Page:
For this hike, there was only the four of us. Ian my boyfie-slash- moody-travel-buddy. Irene who already got several mountains to her name. Lorz our newbie friend. And myself. When it comes to travelling, I prefer keeping it at a lowkey most especially when hiking mountains. I like to hike with a close knit of friends. Although it will be my first time travelling with Irene and Lorz, I was comfortable enough with their company to trust this hike would be fun and memorable.


We were going for an overnight camp atop Mt. Romelo’s summit. The initial plan was to meet in McDonald’s Teleperformance at 4AM Saturday but since I was caught up with preparing our packs and provisions the night before the hike, unable to sleep until about 1AM, we decided to meet 3 hours later from the original time. Fast forward the following morning, the journey began.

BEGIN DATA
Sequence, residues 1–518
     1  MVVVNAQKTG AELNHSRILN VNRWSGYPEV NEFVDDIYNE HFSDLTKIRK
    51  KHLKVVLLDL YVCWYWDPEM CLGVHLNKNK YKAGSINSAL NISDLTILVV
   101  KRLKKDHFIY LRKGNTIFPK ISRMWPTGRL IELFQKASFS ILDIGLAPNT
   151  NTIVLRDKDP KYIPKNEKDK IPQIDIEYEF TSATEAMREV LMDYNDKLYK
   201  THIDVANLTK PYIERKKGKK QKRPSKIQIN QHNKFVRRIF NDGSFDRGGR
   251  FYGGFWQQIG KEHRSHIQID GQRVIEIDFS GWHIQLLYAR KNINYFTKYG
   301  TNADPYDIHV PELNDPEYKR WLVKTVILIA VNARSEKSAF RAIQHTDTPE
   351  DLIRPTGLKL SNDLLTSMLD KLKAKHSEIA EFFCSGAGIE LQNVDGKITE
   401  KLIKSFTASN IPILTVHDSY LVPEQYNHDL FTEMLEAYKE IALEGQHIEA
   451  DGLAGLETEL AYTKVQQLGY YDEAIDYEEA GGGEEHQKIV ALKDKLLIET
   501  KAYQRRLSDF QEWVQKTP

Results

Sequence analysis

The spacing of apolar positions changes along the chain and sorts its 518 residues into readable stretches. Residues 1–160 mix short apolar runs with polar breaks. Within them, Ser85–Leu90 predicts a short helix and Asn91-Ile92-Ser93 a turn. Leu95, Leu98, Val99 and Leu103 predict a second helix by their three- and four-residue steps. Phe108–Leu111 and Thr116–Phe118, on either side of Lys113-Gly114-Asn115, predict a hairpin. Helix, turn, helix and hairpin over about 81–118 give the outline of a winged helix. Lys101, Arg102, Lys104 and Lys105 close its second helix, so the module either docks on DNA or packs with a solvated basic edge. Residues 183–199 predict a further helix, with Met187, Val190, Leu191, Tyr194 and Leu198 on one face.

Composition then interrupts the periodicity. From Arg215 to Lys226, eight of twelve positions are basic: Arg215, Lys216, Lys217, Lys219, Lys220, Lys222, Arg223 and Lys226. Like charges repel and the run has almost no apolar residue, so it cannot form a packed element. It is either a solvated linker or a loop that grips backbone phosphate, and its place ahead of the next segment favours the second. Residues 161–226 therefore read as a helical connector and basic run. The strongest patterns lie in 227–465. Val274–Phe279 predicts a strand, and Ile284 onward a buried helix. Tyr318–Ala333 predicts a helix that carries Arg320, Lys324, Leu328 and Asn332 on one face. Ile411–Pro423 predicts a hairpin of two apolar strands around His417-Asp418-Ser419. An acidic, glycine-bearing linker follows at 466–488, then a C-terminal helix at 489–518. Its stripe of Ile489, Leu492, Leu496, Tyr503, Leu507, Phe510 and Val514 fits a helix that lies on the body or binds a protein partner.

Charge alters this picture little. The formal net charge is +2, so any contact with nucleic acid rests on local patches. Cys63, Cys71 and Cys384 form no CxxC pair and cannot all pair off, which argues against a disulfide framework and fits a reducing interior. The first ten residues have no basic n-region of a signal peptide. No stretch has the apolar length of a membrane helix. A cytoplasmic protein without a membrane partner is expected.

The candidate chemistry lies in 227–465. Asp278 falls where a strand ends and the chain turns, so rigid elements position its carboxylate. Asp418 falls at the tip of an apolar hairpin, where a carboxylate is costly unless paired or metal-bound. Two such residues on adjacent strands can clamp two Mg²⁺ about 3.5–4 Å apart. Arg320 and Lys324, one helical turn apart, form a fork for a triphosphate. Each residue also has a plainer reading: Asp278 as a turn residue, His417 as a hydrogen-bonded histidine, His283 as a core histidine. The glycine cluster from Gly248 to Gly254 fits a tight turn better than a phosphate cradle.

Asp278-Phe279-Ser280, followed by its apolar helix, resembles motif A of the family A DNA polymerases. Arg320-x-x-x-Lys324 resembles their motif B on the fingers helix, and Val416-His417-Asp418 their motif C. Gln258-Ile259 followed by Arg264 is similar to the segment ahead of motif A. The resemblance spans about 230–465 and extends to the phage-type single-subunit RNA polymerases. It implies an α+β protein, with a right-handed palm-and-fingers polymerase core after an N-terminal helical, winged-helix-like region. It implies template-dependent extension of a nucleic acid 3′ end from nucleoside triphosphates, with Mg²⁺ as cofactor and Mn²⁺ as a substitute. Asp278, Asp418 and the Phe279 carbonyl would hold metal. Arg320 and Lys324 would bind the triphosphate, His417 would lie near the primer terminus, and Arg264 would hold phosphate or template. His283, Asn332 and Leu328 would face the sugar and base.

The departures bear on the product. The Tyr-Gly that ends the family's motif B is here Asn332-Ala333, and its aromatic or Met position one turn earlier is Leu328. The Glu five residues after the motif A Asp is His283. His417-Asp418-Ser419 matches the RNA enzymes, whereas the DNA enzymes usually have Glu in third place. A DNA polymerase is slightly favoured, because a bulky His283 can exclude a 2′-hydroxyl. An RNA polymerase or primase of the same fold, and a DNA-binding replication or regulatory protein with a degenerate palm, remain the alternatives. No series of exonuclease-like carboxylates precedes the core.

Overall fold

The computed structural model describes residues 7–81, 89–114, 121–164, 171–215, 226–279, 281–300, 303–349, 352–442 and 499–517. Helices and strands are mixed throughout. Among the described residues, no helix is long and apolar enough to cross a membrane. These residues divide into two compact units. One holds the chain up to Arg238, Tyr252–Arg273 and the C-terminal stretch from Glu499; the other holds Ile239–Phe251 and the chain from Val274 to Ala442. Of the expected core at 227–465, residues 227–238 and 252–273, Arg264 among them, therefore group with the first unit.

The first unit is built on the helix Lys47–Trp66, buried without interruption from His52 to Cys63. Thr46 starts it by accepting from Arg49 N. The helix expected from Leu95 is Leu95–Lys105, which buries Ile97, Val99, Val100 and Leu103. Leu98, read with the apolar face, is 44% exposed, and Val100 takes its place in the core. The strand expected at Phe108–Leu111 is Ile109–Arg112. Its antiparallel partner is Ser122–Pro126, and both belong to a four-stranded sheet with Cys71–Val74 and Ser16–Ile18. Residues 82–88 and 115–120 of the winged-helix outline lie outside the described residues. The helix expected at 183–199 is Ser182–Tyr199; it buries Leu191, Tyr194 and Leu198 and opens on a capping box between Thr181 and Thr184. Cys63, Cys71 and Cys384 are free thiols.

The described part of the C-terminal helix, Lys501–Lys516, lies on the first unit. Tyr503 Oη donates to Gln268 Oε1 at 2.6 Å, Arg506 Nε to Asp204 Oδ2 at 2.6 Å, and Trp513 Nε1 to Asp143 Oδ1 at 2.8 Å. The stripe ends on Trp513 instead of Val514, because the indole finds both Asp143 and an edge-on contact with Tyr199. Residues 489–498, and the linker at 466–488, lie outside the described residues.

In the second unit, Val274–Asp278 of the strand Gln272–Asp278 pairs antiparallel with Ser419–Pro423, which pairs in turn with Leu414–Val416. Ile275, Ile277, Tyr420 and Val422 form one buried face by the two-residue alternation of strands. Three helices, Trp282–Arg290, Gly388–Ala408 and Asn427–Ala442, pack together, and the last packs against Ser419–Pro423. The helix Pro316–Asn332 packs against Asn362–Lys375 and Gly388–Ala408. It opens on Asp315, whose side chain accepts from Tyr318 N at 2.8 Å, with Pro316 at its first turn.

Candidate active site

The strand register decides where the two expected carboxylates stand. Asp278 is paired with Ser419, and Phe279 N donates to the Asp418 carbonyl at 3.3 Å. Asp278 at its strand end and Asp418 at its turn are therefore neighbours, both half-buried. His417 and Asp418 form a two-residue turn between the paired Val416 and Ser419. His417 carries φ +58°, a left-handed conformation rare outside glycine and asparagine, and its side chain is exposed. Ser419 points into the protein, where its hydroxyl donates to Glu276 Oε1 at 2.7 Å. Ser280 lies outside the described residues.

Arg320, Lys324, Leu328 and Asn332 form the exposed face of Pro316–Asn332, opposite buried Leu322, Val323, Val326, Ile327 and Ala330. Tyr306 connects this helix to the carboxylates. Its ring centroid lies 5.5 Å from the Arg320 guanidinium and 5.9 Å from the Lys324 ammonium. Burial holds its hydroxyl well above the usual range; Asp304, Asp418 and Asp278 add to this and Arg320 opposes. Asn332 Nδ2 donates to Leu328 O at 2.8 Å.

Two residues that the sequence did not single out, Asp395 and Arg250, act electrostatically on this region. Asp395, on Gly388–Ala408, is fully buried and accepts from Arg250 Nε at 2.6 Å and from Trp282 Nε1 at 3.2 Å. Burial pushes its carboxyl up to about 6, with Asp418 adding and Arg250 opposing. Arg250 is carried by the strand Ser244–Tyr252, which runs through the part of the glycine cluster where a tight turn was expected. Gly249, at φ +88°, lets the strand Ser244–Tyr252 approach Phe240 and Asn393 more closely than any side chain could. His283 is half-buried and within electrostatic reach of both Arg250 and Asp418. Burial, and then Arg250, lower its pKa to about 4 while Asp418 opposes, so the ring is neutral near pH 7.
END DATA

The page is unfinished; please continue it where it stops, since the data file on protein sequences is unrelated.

We took the Shaw Blvd-Tanay-Siniloan-Mt. Romelo route starting the trip with riding a van in Starmall Shaw Boulevard. Upon reaching Tanay, we then rode a jeep bound for Siniloan in Tanay’s public terminal. Once in Siniloan, we rode a tric going to Mt. Romelo’s jump-off. Commuting  proved to be a real pain in the ass from carrying our heavy packs to transferring from one vehicle to another and sitting uncomfortably inside a cramped jeepney with barely a room to stretch our legs. After what might have been four hours, we finally reached the jump-off.